Our friend Roger Kimball has tuned in to the trial of Derek Chauvin in a major way. Roger has accordingly noted the role played by Minnesota Attorney General Keith Ellison in the case, as he did in his current Spectator column “Justice for Derek Chauvin.”
Last night Roger forwarded a message he had received in response to his column quoting one of Ellison’s two contributions to the University of Minnesota Daily in 1989-90, when Ellison was a third-year law student. I’ve been reporting on and writing about Ellison for 15 years now. I responded to Roger’s message with the following background that I thought some readers might find of interest. There is much more where this came from. Just ask me!
I started writing about Ellison on Power Line in June 2006, when he (surprisingly) won the DFL endorsement to succeed Martin Sabo at the DFL Fifth District Convention that year. Sabo favored his chief of staff Mike Erlandson. Ellison presented himself to the convention as the leftward most viable candidate and prevailed, leading essentially to a three-way primary that he won that August.
The first revelation that June was Ellison’s Nation of Islam columns published in the University of Minnesota Daily under the pseudonym Keith Hakim. I can’t remember without going back who broke that story, but a local political reporter drew my attention to the story and I wrote about it carefully at the time on Power Line.
I then got a call from an acquaintance who had been trying to get the Star Tribune to cover Ellison’s extensive history with the Nation of Islam. Ellison had been a local leader of the Nation. The acquaintance who called me had a clip file documenting it, going back to the U of M Daily articles.
The acquaintance called me in my office and asked if I would like his clip file. I said yes. He asked me to meet him at a corner in downtown Minneapolis a few blocks from my office for the handoff. He was my Deep Throat on Ellison.
I did a lot of reporting that summer, including an interview with the Daily editor who had been forced to publish Ellison’s columns under his pseudonym despite Daily policy to the contrary. He was still upset about it 15-plus years later.
I also interviewed several law students who had tried to get Ellison to withdraw his sponsorship of the lecture by Kwame Toure at the law school in 1990. They were still upset about it.
I kept getting calls and leads (mostly from prominent Democrats who didn’t want Ellison to be the face of the DFL in Minneapolis) and doing research that year as the Star Tribune performed so pitifully. I wrote an endless series on Power Line called “Who is Keith Ellison?” I summarized my findings in the Weekly Standard article “Louis Farrakhan’s first congressman” just before he was elected as the first Muslim member of Congress that fall. I have a very thick file on him.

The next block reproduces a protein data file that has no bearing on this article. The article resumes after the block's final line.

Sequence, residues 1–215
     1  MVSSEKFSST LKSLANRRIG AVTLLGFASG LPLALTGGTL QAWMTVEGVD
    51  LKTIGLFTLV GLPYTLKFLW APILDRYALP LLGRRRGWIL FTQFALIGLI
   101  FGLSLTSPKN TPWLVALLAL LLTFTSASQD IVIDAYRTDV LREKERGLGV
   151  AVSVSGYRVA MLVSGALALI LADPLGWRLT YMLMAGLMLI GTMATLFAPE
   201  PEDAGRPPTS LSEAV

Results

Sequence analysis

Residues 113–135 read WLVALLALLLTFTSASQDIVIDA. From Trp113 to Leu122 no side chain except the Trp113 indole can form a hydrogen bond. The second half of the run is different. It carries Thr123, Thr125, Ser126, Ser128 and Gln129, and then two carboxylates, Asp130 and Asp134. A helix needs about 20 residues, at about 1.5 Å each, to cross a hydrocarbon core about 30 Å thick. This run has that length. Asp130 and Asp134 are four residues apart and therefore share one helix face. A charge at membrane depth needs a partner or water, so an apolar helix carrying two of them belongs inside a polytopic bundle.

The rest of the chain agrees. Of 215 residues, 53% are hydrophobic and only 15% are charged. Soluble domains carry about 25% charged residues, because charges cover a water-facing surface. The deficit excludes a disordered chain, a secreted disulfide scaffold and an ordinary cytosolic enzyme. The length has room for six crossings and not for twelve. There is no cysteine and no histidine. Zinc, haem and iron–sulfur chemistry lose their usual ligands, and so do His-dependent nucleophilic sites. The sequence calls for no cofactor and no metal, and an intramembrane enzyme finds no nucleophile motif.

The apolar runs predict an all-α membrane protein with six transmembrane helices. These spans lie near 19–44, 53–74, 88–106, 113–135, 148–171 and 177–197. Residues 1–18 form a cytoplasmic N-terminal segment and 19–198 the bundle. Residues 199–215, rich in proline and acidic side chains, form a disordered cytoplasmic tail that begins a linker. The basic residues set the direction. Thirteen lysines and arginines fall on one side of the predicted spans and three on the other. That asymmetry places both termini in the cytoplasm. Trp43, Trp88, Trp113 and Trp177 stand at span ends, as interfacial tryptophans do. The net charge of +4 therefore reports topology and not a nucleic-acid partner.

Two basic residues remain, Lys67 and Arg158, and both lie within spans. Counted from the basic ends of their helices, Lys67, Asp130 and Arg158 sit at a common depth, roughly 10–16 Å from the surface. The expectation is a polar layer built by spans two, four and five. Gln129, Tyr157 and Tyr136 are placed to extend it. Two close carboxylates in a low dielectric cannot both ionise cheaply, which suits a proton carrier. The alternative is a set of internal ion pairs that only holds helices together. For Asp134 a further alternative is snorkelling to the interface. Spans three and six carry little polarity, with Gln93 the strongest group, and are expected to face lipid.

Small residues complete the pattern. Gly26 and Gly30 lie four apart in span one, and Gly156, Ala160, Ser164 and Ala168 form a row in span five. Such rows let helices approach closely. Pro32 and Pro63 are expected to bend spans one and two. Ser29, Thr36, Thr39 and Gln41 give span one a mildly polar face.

You know that the usual progression is from the Nation of Islam to Islam, like Malcolm X. I read Ellison’s memoir My Country, ’Tis of Thee the week it was published. I wrote another Weekly Standard article about the memoir. It’s called “The Ellison elision.”
I turned that article into a Star Tribune column when the book came out in paperback. It’s here. I called that column “Keith Ellison remembers to forget” in honor of the old Elvis Presley number “I Forgot to Remember to Forget.”
One interesting aspect of the memoir is Ellison’s discussion of his conversion to Islam as an undergrad at Wayne State. Ellison omits his extensive involvement with the Nation of Islam from the memoir. He has lied so much about it. It’s incredible. It’s all in the clip file. I posted a few items from it in a Power Line post that was a companion to the 2006 Weekly Standard article. I called that companion post “Keith Ellison for dummies.” (I was thinking of the Star Tribune reporters who repeated Ellison’s lies as facts.) I reposted it last year here.
Ellison ignored the Weekly Standard article I wrote about his memoir, but the Star Tribune article really upset him. He attacked me as a bigot and raised funds off it. Ellison is the only guy I know whose progression ran from Islam to Nation of Islam (snd then back to Islam when it suited his political career). He has never been asked about it. Never. It’s amazing.
Ellison’s support of the killers of Officer Jerry Haaf and his friendship with the gangbanger who planned it are the most disgraceful part of his checkered past. Everything else pales against it. That goes back to his early career in private practice after law school in 1992-1993.
I am proud of the work I have done on Ellison. It all goes back to those two U of M Daily columns he wrote as Keith Hakim. I have never worked harder to less effect on anything in my life.